It’s time for the annual report on the One-Minute Portfolio (OMP), the 11th since it was launched in early 2003 on the old MoneySense.ca website and transferred in 2007 to CanadianBusiness.com. Consisting of just two exchange-traded funds (ETFs), one tracking stocks and the other tracking bonds, the portfolio requires little time or effort.
About the only thing OMP investors have to do is to rebalance once a year to ensure the portfolio’s risk level remains consistent with their risk preferences. For example, if the rebalancing rule specifies 50% of the portfolio should be in stocks and a bull market pushes the proportion up to 70%, the investor should return stocks to 50%
In 2013, the OMP gained 8.6% on a total-return basis. As a result, the average annual gain in the OMP since inception remains close to 9%.
The equity ETF, the iShares S&P/TSX 60 Index Fund (XIU), was up 13% in the year and contributed the most to OMP’s annual performance thanks to its 70% allocation. The bond ETF, the iShares Canadian Bond Index Fund (XBB), declined 1.5% and had a lesser impact due to its 30% allocation.
For 2014, the 70% allocation to XIU and 30% allocation to XBB are retained. This decision is based on the OMP’s rebalancing rule.
The rule follows the approach used by Benjamin Graham in his book The Intelligent Investor, whereby the allocation to equities is reduced after the stock market has run up a lot, and increased after the market has gone down a lot. This results in “buying low and selling high” to a greater extent than the rule of rebalancing back to a fixed asset allocation.
Specifically, if the average annual return for XIU over the three latest years exceeds the long-term average annual return on stocks, the allocation to XIU is decreased; if the average annual return for XIU over the three most recent years trails the historical average, the allocation is increased.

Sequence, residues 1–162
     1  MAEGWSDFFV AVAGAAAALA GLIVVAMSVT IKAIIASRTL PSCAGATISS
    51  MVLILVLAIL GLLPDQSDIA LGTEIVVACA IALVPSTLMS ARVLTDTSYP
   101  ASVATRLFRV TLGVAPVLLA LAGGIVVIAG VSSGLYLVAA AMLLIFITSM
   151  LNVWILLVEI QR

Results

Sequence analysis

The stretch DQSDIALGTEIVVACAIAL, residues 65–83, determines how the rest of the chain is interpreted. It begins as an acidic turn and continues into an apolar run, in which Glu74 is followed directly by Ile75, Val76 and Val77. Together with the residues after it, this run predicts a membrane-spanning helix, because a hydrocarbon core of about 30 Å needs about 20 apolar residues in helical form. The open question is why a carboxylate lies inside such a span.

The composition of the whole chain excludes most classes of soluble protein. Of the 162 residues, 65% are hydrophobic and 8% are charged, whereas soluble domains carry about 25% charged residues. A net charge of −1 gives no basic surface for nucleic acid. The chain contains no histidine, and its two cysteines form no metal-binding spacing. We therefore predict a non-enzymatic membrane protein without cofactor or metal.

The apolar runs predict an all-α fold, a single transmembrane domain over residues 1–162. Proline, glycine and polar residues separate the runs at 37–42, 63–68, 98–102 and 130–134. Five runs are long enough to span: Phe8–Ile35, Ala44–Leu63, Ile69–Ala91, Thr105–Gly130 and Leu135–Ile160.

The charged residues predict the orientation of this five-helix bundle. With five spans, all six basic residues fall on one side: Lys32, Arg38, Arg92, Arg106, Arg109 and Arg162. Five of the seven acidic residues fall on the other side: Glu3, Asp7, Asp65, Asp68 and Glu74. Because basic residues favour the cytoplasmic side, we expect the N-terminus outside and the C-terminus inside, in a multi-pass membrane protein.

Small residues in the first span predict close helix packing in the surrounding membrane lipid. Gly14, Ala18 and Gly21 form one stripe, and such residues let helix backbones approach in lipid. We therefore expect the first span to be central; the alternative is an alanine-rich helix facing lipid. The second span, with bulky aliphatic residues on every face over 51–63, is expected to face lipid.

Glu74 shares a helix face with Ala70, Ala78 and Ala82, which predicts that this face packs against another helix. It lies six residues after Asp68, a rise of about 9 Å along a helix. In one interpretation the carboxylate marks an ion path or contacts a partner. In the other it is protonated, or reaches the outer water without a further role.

Since XIU’s average annual return over the three most recent years remains under the historical average for stocks, the 70% allocation is retained in 2014 (and as a consequence, the 30% allocation to bonds).
Note 1: Similarities to a balanced fund
The OMP is similar to a balanced mutual fund. It smooths out the fluctuations in investment returns and allows investors stay invested without too much stress. In 2008, for example, the Canadian stock market plunged 35%; by contrast, the OMP was down only 9%.
Yet, the OMP is better than a balanced mutual fund since it has a much lower management expense ratio. The savings amount to about 2% a year, which adds considerably to performance over the long run.
Note 2: Rebalancing performance
So far, the rebalancing rule has worked out well. Because of the vigorous rebound in the stock market from 2003 to 2007, the weight assigned to XIU was adjusted downward in stages from 70% to 40—in time for the 2008 crash. By 2011, it had been raised to 70%, where it has since stayed (the recovery from the 2008 bear market has been more protracted than the one from the 2002 bear market).
Note 3: Why no foreign diversification
The chief reason the OMP has no foreign diversification is that long-run returns on Canadian stocks are better than the global average, and nearly as good as returns on U.S. stocks (best performing country over the past two centuries). There may be times when Canadian stocks notably lag global and U.S. markets, but they should be transitory given the correlations in stock markets over the long term.
From this perspective, foreign diversificationunnecessarily increases complexity and execution burden (particularly for a person who intends to retire in Canada). Even less desirable is if the additional complexity and time requirement leads investors to hire financial advisers and increase their costs. The OMP’s goal is to keep things simple enough so investors can easily run their own portfolios.
Larry MacDonald is a former economist who manages his own portfolio and writes on investment topics. He is the author of several business books and tweets at @Larry_MacDonald